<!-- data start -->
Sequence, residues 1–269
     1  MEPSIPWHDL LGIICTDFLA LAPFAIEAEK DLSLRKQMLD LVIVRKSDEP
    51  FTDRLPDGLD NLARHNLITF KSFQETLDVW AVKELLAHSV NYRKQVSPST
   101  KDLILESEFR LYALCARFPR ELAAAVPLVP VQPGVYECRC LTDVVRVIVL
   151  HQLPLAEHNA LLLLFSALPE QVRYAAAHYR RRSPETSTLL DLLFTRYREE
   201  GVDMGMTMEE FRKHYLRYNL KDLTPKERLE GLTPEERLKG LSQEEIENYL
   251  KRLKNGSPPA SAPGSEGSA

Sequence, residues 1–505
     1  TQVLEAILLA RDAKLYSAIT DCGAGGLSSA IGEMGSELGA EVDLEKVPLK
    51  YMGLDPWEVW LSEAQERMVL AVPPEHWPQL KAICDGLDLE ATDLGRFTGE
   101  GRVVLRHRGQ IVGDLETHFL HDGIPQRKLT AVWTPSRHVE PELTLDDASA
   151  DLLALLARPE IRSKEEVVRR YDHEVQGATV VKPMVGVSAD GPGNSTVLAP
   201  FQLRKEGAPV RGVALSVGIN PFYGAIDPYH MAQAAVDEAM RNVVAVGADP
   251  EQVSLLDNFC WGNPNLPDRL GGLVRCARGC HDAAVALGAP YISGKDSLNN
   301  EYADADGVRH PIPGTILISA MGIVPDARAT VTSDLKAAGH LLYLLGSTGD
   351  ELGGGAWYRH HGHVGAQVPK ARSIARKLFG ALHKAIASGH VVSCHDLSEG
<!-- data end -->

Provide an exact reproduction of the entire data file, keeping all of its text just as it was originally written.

Sequence, residues 1–269
     1  MEPSIPWHDL LGIICTDFLA LAPFAIEAEK DLSLRKQMLD LVIVRKSDEP
    51  FTDRLPDGLD NLARHNLITF KSFQETLDVW AVKELLAHSV NYRKQVSPST
   101  KDLILESEFR LYALCARFPR ELAAAVPLVP VQPGVYECRC LTDVVRVIVL
   151  HQLPLAEHNA LLLLFSALPE QVRYAAAHYR RRSPETSTLL DLLFTRYREE
   201  GVDMGMTMEE FRKHYLRYNL KDLTPKERLE GLTPEERLKG LSQEEIENYL
   251  KRLKNGSPPA SAPGSEGSA

Sequence, residues 1–505
     1  TQVLEAILLA RDAKLYSAIT DCGAGGLSSA IGEMGSELGA EVDLEKVPLK
    51  YMGLDPWEVW LSEAQERMVL AVPPEHWPQL KAICDGLDLE ATDLGRFTGE
   101  GRVVLRHRGQ IVGDLETHFL HDGIPQRKLT AVWTPSRHVE PELTLDDASA
   151  DLLALLARPE IRSKEEVVRR YDHEVQGATV VKPMVGVSAD GPGNSTVLAP
   201  FQLRKEGAPV RGVALSVGIN PFYGAIDPYH MAQAAVDEAM RNVVAVGADP
   251  EQVSLLDNFC WGNPNLPDRL GGLVRCARGC HDAAVALGAP YISGKDSLNN
   301  EYADADGVRH PIPGTILISA MGIVPDARAT VTSDLKAAGH LLYLLGSTGD
   351  ELGGGAWYRH HGHVGAQVPK ARSIARKLFG ALHKAIASGH VVSCHDLSEG